Cost of justice in prison riot will be huge


Sixteen inmates are facing murder charges for the death of Delaware Correctional Officer Lt. Steven Floyd during the February uprising at James T. Vaughn Correctional Center near Smyrna.

DOVER — Describing the indictment as “unprecedented in its scope,” Delaware’s lead public defense attorney expects “hundreds, if not thousands of hours” will be spent representing each of the 18 inmates charged after a prison riot left a correctional officer dead in February.

In addition to attorney fees set at $90 per hour, the State of Delaware will pay for other defense needs such as investigators and forensic experts, among other costs and rates to be determined.

“These expenses add up,” Public Defender’s Office Chief Brendan O’Neill said. “They are paid with public funds.”

The U.S. Constitution mandates protecting the rights of the prisoners who allegedly participated in the takeover of James T. Vaughn Correctional Center near Smyrna on Feb. 1-2.

The indictment was announced by the Delaware Department of Justice on Tuesday.

Correctional officer Lt. Steven Floyd was killed during the riot.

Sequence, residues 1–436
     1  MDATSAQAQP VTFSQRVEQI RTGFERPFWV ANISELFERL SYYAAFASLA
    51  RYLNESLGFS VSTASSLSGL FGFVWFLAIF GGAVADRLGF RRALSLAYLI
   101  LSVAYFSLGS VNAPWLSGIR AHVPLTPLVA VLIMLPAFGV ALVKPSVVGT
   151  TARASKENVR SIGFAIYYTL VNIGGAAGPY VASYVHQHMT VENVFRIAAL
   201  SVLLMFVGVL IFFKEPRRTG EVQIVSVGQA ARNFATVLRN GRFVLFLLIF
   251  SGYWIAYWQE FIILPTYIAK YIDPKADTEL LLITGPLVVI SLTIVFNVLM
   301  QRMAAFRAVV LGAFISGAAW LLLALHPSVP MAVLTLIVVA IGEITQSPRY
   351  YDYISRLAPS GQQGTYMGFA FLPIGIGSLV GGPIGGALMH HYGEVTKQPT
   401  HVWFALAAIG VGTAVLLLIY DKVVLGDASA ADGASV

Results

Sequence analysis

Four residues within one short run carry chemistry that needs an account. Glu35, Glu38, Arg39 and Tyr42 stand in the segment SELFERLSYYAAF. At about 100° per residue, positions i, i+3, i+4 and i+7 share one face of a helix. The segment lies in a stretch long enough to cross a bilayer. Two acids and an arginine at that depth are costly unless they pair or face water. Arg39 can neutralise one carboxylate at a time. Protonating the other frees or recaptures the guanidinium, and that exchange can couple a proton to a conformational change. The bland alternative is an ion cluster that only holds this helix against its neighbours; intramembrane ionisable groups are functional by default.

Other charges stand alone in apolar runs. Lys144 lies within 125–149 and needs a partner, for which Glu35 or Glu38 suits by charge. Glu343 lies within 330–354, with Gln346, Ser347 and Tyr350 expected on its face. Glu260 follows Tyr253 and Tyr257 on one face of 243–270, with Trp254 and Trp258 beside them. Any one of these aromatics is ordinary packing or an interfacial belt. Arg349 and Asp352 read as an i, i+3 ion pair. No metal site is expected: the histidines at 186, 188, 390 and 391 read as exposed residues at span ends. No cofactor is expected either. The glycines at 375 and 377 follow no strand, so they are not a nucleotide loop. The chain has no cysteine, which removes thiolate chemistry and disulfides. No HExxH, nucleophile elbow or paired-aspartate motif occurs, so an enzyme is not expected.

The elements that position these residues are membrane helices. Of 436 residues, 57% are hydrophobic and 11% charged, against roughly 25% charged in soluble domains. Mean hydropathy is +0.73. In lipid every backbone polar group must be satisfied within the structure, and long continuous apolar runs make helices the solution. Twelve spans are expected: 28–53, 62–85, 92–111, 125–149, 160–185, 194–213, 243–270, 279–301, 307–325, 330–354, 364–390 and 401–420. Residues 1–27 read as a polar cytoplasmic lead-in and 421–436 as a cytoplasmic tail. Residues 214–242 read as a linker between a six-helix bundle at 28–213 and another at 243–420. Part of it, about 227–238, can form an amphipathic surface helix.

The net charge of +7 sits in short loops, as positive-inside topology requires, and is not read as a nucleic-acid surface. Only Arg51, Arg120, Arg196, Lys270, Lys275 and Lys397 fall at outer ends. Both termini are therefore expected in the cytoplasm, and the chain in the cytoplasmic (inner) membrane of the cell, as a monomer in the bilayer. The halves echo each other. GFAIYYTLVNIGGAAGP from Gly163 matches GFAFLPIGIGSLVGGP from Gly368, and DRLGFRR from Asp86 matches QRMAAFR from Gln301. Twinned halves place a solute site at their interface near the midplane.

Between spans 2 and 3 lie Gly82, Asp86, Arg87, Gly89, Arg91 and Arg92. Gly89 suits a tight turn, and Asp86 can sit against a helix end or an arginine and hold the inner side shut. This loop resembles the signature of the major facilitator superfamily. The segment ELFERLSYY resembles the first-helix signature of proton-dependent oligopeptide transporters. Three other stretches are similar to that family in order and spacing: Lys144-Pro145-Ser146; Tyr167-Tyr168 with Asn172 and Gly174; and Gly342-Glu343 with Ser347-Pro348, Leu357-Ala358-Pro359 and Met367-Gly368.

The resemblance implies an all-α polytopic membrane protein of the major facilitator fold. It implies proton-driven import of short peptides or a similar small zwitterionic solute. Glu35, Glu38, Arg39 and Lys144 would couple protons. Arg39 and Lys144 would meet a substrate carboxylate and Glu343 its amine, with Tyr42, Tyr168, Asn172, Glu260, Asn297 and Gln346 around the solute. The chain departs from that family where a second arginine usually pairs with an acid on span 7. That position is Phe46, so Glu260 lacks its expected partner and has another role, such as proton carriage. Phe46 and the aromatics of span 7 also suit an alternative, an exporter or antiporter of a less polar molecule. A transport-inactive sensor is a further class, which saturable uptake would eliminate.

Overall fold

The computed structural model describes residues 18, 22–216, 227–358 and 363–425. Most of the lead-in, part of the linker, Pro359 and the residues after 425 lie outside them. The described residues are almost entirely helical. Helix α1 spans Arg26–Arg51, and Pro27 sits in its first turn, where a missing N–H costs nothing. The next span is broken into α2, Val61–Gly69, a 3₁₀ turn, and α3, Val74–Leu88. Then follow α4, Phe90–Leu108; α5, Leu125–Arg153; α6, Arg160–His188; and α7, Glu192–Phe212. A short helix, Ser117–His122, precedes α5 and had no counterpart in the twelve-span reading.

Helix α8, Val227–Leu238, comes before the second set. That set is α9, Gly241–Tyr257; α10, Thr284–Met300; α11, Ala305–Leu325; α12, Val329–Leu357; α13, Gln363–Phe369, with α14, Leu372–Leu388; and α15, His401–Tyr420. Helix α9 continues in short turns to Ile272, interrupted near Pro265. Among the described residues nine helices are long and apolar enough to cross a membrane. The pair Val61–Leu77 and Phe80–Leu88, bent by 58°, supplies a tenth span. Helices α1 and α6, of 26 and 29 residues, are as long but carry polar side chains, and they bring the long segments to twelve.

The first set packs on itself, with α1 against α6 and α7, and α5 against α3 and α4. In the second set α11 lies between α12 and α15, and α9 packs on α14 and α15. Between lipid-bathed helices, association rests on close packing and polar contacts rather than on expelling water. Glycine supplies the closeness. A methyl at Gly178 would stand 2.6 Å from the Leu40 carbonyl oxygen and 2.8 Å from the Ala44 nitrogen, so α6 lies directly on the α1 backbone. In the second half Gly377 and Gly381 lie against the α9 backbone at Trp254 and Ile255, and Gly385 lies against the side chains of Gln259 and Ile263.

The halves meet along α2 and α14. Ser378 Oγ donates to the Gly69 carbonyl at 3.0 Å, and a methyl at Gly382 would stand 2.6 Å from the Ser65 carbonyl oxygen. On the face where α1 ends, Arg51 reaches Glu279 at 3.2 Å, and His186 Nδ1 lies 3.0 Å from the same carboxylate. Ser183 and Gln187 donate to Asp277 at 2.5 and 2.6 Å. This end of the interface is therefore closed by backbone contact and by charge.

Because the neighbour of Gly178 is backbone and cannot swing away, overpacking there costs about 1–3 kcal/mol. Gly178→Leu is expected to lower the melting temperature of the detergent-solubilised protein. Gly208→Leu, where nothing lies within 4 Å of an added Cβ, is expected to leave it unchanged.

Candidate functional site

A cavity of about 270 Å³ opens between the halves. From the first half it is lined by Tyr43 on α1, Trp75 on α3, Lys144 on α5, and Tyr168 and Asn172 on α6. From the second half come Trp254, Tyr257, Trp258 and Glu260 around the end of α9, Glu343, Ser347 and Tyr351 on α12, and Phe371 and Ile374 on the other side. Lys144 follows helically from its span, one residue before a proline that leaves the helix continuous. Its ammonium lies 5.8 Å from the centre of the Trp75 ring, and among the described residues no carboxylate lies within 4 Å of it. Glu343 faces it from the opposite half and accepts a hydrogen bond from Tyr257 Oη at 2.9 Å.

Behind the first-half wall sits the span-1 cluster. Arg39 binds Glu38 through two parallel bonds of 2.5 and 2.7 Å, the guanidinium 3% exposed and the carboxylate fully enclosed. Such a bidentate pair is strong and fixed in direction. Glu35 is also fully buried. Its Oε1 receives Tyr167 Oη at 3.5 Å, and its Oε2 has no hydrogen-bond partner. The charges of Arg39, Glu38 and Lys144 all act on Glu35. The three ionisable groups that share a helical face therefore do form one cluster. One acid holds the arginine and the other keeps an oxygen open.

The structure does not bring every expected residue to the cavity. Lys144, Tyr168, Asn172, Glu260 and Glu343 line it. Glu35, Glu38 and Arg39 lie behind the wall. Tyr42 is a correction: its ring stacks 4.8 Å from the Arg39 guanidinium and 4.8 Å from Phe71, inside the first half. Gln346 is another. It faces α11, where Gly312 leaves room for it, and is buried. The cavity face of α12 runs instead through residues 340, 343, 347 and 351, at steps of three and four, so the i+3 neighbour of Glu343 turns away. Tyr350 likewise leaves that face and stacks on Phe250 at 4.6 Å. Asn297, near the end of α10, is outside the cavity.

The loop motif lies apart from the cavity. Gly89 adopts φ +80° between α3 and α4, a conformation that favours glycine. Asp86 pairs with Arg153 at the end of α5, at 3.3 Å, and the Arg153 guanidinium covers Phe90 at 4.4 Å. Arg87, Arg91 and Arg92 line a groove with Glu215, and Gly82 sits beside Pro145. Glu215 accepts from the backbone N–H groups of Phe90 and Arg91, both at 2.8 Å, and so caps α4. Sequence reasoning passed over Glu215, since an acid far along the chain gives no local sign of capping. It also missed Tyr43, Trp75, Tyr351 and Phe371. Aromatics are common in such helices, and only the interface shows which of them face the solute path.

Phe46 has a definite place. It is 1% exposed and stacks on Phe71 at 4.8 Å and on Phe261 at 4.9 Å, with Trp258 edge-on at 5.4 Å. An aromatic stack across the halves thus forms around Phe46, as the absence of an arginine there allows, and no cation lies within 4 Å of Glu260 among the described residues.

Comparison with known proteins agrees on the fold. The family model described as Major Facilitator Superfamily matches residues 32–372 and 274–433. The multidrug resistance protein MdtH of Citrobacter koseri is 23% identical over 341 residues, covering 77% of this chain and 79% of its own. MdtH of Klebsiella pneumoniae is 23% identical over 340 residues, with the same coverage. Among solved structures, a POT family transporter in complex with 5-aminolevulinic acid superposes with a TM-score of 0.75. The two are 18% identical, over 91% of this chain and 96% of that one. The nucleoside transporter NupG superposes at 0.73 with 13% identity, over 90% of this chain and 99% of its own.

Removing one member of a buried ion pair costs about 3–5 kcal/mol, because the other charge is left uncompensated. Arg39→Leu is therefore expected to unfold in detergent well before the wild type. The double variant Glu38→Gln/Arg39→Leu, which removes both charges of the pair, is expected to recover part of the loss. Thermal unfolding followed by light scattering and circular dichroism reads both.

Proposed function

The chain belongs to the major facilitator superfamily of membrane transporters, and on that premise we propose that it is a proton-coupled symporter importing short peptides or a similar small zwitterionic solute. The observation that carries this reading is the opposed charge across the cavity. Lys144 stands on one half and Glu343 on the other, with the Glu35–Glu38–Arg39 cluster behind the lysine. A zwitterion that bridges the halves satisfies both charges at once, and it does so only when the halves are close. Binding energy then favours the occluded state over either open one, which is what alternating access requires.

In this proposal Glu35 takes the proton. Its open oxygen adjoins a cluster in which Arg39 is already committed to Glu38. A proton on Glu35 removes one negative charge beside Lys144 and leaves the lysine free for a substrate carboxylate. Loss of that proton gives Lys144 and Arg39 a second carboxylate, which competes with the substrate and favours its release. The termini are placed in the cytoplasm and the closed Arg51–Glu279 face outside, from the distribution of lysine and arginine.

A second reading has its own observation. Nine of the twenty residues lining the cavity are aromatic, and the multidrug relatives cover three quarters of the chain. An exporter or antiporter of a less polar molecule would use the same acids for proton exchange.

Sixteen prison inmates were charged with first-degree murder after more than eight months of investigation.

Two other officers were injured and taken hostage with a counselor during the nearly 22-hour uprising last winter.

According to Mr. O’Neill, “there is no case in recent memory” that included so many first-degree murder charges in a single indictment.

While any defendant has a right by law to hire private lawyers for representation, Mr. O’Neill expects all 18 defendants (two were charged with first-degree kidnapping and second-degree conspiracy only) to use the services of taxpayer-funded lawyers.

The cost of providing a defense for the inmates will likely far exceed two other high profile cases involving multiple first-degree murder suspects, which are still ongoing, the Public Defender said:

• The Paladin Club case that began in September 2014 and involved three suspects cost $727,003.